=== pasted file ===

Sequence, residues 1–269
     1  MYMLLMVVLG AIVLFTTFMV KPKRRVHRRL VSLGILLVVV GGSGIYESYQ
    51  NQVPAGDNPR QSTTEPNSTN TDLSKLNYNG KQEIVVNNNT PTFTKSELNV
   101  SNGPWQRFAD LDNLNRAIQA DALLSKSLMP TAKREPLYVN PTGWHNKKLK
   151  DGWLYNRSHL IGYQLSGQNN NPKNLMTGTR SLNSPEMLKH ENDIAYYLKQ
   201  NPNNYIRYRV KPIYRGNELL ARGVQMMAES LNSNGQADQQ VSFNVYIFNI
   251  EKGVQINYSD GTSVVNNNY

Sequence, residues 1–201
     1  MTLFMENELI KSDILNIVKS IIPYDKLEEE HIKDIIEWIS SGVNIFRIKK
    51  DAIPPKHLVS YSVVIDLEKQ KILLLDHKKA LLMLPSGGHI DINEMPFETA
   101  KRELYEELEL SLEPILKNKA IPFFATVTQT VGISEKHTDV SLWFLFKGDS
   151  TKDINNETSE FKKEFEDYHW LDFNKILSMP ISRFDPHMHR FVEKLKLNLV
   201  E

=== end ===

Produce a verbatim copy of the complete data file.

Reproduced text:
Sequence, residues 1–269
     1  MYMLLMVVLG AIVLFTTFMV KPKRRVHRRL VSLGILLVVV GGSGIYESYQ
    51  NQVPAGDNPR QSTTEPNSTN TDLSKLNYNG KQEIVVNNNT PTFTKSELNV
   101  SNGPWQRFAD LDNLNRAIQA DALLSKSLMP TAKREPLYVN PTGWHNKKLK
   151  DGWLYNRSHL IGYQLSGQNN NPKNLMTGTR SLNSPEMLKH ENDIAYYLKQ
   201  NPNNYIRYRV KPIYRGNELL ARGVQMMAES LNSNGQADQQ VSFNVYIFNI
   251  EKGVQINYSD GTSVVNNNY

Sequence, residues 1–201
     1  MTLFMENELI KSDILNIVKS IIPYDKLEEE HIKDIIEWIS SGVNIFRIKK
    51  DAIPPKHLVS YSVVIDLEKQ KILLLDHKKA LLMLPSGGHI DINEMPFETA
   101  KRELYEELEL SLEPILKNKA IPFFATVTQT VGISEKHTDV SLWFLFKGDS
   151  TKDINNETSE FKKEFEDYHW LDFNKILSMP ISRFDPHMHR FVEKLKLNLV
   201  E